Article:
Wolverhampton Wanderers. . .1
WITH centre-backs thicker under foot than a bedroom Axminster, it was no surprise that they played a decisive role in a Staffordshire derby made combative for being played out in bottomless mud. What was surprising was that the opposing number fives should have their names on the scoresheet.
Paul Blades, who scored his first goal of the season in helping Wolves into the FA Cup fifth round across town at Port Vale last week, casually claimed another, with the burly Vince Overson cancelling that out with a hooked volley.
It meant both sides preserved unbeaten records in 1994, Wolves having lost once since the end of September. But they are beginning to crack. They conceded their first goal of the year - 10 hours, three minutes since Oxford punctured their defence in December. They looked mortified.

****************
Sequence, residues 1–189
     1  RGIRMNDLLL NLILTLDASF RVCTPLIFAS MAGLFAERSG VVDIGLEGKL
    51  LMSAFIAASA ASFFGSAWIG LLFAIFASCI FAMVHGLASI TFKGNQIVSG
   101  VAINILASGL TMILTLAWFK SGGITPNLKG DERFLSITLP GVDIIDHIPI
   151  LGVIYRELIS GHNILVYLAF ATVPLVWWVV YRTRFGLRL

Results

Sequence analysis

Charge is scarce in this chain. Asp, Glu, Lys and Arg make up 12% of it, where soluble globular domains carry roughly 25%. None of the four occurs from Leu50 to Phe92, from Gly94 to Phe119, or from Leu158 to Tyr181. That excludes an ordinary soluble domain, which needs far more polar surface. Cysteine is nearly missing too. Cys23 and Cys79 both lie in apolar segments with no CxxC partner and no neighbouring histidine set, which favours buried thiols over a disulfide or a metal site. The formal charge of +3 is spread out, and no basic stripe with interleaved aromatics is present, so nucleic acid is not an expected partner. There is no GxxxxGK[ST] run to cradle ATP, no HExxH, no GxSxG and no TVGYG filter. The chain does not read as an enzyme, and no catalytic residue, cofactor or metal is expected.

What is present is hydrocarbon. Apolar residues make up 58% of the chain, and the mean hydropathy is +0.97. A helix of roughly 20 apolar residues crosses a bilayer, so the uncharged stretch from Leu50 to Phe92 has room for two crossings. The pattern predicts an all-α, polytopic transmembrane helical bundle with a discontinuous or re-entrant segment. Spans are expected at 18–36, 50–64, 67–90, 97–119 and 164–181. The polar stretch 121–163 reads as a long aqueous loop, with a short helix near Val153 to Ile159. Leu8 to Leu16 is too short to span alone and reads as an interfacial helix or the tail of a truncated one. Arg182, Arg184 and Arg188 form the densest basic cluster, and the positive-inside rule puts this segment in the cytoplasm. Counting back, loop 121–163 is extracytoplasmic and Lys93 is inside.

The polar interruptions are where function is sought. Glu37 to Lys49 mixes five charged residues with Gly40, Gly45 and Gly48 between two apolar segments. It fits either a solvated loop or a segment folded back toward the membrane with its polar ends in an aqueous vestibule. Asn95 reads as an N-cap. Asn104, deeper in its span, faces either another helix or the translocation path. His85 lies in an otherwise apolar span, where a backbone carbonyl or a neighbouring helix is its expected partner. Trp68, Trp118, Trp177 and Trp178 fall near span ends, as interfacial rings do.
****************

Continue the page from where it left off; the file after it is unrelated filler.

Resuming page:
Not as mortified as the biggest league crowd of the season at the Victoria Ground, disgusted at voices from Wolves' 7,000-strong following which scarred the minute's silence before the game in memory of the former Stoke manager Tony Waddington. In his 17 seasons Stoke spent only three out of the top flight but Joe Jordan finds himself the eighth manager since Waddington trying to recapture those glory days.
Wolves, another club straining to live up to an even more glittering legacy, looked the likelier to return to the top flight on this evidence. Even without Steve Bull, who is expected to be out for up to nine weeks, they looked the better bet for victory.
When the opening goal arrived for them it came from an unlikely source. There had been few clear openings when the long-striding Blades launched himself from half-way, exchanging a one-two with Kevin Keen before nonchalantly chipping over the advancing Mark Prudhoe.
Stoke were at their most dangerous from set-pieces, the Wolves full-back Mark Rankine having to clear Dave Regis's header from a corner off the line before the equaliser arrived from a similar route.
This time Mark Venus cleared from the back post only as far as the loitering Overson who athletically guided the ball over the keeper and in off the far post.Reuse content